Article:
Palamedes (page 606)

Chapter 16, The Trojan War

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Aischylos, Palamedes fr 181 R – Tragicorum Graecorum Fragmenta 3, p. 295, ed. S. L. Radt. Göttingen 1985.

Sophokles, Palamedes fr 479 R – Tragicorum Graecorum Fragmenta vol. 4, pp. 386-87, ed. S.L. Radt. Göttingen 1977.

Sophokles, Nauplios Katapleon – Tragicorum Graecorum Fragmenta vol. 4, pp. 353-61, ed. S.L. Radt. Göttingen 1977.

Σ Aen 281 Servius, scholia to Vergil, Aeneid

See below

Euripides, Palamedes Fr 580 N² – Tragicorum Graecorum Fragmenta, pp. 543-44, ed. A. Nauck, 2nd ed. Leipzig 1889.

Greek Text

Kypria – See Pausanias, Description of Greece 10.31.2

Palamedes, as I know from reading the epic poem Cypria, was drowned when he put out to catch fish, and his murderers were Diomedes and OdysseusGreek Text

♠ Σ Or 432– Scholia to Euripides, Orestes

See below

Dik 2.14-15 – Diktys Cretensis, Journal of the Trojan War

At the same time an oracle of the Pythian god was reported to us. We must, it said, choose Palamedes to offer a sacrifice to the Sminthian Apollo; we must all grant Palamedes this honor. Many of us were happy to obey this oracle, remembering the zeal and love Palamedes had shown throughout the army; but some of the leaders disliked him. Nevertheless, whatever our feelings, we did what was ordered and had Palamedes offer a hundred victims in behalf of all the army. Chryses, Apollo’s priest in this region, presided over the offering.

Meanwhile Alexander, having learned what was happening, gathered a force of armed men and came to prevent the sacrifice. But before he could reach the temple, the two Ajaxes killed a great number of his men and put him to flight.

Chryses (who, as we have said above, was the priest of Sminthian Apollo) feared harm from both armies and pretended to favour those from each side who approached him.

During the sacrifice, Philoctetes, who was standing in the temple near the altar, was suddenly bitten by a serpent. Everyone who saw what had happened raised a shout, and Ulysses rushed forward and slew the serpent. Soon afterwards we sent Philoctetes, with a few other men, to be cured of his poison on Lemnos, for the inhabitants of this island, which was sacred to Vulcan, claimed that their priests were wont to cure cases like his.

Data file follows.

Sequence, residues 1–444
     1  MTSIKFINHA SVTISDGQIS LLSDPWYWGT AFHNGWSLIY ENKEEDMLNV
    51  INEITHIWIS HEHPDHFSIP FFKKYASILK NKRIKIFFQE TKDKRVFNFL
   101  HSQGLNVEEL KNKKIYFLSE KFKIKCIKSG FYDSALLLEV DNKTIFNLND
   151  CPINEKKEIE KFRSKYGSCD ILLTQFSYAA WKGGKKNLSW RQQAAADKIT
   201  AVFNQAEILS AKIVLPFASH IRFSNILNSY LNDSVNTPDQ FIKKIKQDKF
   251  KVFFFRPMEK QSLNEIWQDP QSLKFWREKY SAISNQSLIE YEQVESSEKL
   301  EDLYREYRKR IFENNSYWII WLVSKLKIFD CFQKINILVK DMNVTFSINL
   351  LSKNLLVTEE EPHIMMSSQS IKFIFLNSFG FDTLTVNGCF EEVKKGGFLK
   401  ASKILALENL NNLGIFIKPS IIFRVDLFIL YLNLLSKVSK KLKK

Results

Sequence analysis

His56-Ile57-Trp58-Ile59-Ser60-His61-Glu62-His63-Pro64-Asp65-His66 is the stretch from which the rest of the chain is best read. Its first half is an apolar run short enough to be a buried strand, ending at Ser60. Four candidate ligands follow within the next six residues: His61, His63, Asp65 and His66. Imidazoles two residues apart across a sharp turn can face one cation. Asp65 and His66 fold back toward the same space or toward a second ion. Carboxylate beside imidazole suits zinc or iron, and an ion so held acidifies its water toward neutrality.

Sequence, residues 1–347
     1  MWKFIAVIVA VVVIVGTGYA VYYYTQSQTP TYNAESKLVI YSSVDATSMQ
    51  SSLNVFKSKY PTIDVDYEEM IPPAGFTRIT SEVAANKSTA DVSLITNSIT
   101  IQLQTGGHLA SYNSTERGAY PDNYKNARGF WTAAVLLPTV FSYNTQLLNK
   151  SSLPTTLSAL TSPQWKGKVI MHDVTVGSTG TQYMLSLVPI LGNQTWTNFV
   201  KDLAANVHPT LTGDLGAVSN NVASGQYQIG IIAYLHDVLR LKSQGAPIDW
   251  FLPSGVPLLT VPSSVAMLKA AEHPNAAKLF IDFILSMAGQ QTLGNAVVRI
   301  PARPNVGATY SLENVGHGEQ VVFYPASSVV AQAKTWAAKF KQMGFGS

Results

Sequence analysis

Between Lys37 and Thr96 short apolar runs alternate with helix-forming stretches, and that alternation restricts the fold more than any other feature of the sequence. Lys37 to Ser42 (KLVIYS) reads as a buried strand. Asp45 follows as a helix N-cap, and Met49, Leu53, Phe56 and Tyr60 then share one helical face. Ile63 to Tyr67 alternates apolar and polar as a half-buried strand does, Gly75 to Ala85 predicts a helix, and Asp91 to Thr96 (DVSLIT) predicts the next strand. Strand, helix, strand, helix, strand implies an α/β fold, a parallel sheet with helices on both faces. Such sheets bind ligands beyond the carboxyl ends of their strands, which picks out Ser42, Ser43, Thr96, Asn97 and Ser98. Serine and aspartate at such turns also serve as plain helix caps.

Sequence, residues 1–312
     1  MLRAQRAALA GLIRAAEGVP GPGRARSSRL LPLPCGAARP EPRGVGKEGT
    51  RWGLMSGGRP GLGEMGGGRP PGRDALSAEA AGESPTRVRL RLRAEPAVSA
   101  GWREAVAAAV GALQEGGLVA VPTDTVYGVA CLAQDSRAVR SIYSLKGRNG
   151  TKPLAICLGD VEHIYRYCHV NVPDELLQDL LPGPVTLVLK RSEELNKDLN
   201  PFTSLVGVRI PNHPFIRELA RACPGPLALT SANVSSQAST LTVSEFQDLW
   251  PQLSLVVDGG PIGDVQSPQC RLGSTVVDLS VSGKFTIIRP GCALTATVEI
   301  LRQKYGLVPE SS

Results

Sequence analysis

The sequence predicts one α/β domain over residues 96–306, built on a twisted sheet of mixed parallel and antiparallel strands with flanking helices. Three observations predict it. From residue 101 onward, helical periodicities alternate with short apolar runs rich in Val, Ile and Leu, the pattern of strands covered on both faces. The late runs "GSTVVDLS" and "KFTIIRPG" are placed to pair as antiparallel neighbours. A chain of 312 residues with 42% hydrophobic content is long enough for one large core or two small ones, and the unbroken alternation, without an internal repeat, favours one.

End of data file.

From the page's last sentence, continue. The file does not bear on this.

[15] During the same time Diomedes and Ulysses devised a plot to kill Palamedes. (It is characteristic of human nature to yield to resentments and envy; one does not easily allow oneself to be surpassed by a better.) Accordingly, these two, pretending to have found gold in a well, persuaded Palamedes – they wanted, they said, to share the treasure with him – to be the one to descend. He suspected nothing; and so, when no one else was nearby, they let him down by means of a rope, and then, picking up stones which were lying on around, they quickly stoned him to death. Thus Palamedes, the best of men and the army’s favourite, one whose counsel and courage had never failed, died in a way he ill deserved, treacherously slain by the most unworthy men. There were those who suspected Agamemnon of having shared in this plot, for Palamedes was very popular with the soldiers, most of whom wanted him as their king and openly said that he should be made commander-in-chief. After burning the body, a ceremony which was attended, like a public funeral, by all the Greeks, the ashes were placed in a golden urn.  Latin Text

Σ Aen 2.81 Servius, scholia to Vergil, Aeneid – Servii Grammatici qui feruntur in Vergilii Carmina commentarii: Aeneis, ed G. Thilo and H. Hagen 1, pp. 230-31. Leipzig 1878.

Latin Text

VM I 35 – Vatican Mythographer I – Scriptores rerum mythicarum Latini tres Romae nuper reperti 1, p. 12, ed. G. H. Bode. Celle 1834.

Latin Text

VM II 200 – Vatican Mythographer II – Scriptores rerum mythicarum Latini tres Romae nuper reperti 1, pp. 140-41, ed. G. H. Bode. Celle 1834.

Latin Text

♠ Σ Or 432– Scholia to Euripides, Orestes – Scholia in Euripidem, ed. E. Schwartz, vol. 1, pp. 147-49. Berlin 1887. 

Greek Text

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Edited by Elena Bianchelli, Retired Senior Lecturer of Classical Languages and Culture, Univ. of Georgia, January 2023

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